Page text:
‘Carlos Hardenberg’s wealth of experience and expertise is viewed positively, however the loss of a number of analysts since inception and the potential for key-person risk gives rise to Morningstar, in partnership with ii, no longer viewing the fund as a highest conviction idea,’ the platform said.

Fund 3 month return  6 month return  1 year return  3 year return 
Scottish Mortgage Trust   -7.42  1.25  -45.70  26.24 
TR Property Trust  4.88  -16.06  -35.55  -29.95 
abrdn Global Smaller Companies Fund   2.85  4.10  -31.51  8.39 
Baillie Gifford Shin Nippon Trust  -0.58 8.24  -30.45  -14.52 
Henderson Smaller Companies Trust   18.31  6.09   -30.10  -17.29

Royal London UK Equity Income fund has been taken off the list following the retirement of long-term manager Martin Cholwill in 2021 and ii feels there are stronger funds in the category.

Crux’s European Special Situations was removed from the list because of ‘recent missteps in the pursuit of high growth companies, evidencing a lack of consistency in the process.’

Managed by James Milne and Richard Pease the fund lost 11.1 per cent last year, underperforming the wider IA sector.

The team also removed the IFSL Marlborough Multi Cap Growth fund following concerns regarding team resourcing and collaboration.

‘Specifically, given that this fund has substantial small-mid cap exposure, which requires a great degree of analysis and expertise, concerns were raised regarding the size and collaboration of the team.’

ii also highlighted ‘an elevated level of churn’ which raised questions regarding the fund’s process and the cost to the end investor.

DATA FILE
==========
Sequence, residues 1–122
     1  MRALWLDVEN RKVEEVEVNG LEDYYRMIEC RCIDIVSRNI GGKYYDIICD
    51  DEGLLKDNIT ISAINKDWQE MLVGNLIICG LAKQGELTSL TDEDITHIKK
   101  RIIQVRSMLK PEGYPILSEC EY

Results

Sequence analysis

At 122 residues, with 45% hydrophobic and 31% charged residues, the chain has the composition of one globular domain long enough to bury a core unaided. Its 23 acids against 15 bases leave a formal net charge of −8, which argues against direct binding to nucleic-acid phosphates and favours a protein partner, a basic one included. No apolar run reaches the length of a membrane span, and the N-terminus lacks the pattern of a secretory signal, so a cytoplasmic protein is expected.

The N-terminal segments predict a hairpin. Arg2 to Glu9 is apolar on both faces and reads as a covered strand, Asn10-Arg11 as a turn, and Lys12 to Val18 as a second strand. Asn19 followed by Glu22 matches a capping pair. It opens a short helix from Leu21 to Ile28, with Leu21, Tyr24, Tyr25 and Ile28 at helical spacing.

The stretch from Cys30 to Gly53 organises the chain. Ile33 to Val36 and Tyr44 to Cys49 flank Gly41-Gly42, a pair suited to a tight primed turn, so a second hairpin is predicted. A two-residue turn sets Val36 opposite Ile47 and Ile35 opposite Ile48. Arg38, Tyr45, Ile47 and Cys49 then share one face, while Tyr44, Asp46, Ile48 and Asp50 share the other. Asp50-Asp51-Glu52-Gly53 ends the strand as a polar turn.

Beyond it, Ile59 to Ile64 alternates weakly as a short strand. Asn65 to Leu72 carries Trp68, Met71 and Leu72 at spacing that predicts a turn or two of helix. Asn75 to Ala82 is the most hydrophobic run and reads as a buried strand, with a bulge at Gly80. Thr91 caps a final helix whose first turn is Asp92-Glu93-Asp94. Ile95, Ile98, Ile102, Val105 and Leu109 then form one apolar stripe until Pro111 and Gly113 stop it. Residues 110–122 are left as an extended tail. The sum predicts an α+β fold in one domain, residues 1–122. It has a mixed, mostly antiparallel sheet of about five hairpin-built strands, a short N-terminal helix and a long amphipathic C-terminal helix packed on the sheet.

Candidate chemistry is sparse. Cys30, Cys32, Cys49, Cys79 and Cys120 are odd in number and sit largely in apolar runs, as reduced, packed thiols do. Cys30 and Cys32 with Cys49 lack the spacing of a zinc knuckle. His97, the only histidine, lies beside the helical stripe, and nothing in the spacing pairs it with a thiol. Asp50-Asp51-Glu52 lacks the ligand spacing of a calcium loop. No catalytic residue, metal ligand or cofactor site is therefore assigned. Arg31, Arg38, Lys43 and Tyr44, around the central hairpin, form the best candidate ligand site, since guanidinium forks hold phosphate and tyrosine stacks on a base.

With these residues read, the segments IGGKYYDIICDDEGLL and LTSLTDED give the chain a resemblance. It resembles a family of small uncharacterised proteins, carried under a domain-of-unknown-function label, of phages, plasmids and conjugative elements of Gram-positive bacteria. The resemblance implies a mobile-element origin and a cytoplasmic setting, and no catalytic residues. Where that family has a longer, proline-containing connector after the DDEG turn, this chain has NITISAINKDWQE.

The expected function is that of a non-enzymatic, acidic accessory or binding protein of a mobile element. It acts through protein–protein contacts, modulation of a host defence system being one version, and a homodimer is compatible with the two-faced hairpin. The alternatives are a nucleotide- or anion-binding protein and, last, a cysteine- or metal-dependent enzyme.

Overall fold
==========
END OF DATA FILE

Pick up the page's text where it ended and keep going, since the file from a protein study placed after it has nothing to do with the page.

Finally, the iShares Environment Low Carbon Tilt Real Estate Index fund has been removed following a change in name and investment objective.

It was previously called the Global Property Securities Equity Index fund but now tracks a low carbon index.

‘The change of benchmark has had a limited impact on index constituents at present, but this is expected to increase over time.’

Which funds have been added?

Artemis Income has been added as a core UK Equity Income option and while its value bias has been a headwind in recent years ii said ‘it is not more pronounced than that of the average UK Equity income peer.’

The fund, run by Adrian Frost since 2022, aims to outperform the FTSE All Share and provide a growing income and dividend yield.

Last year Artemis marginally outperformed the FTSE All share and IA sector, and ii says it has delivered ‘excellent relative returns over the long term.’

Janus Henderson European Select Opportunities has been selected as a Core European Equities option.

The fund is managed by John Bennett who is ‘very experienced’ and has ‘added considerable value through stock selection’. The fund provides ‘valuable insights into the prospects of European companies and also look for contrarian trades.’

The fund’s December factsheet shows it lost 5.8 per cent last year, while the FTSE All Share shed 6.98 per cent.

For investors looking for an ‘adventurous’ UK equities option, ii has added Fidelity Special Values Ord investment trust.

The trust is run by ‘experienced manager’ Alex Wright and is a ‘strong option for investors seeking a contrarian and value orientated approach to investing across the market cap spectrum of the UK market,’ the investing platform said.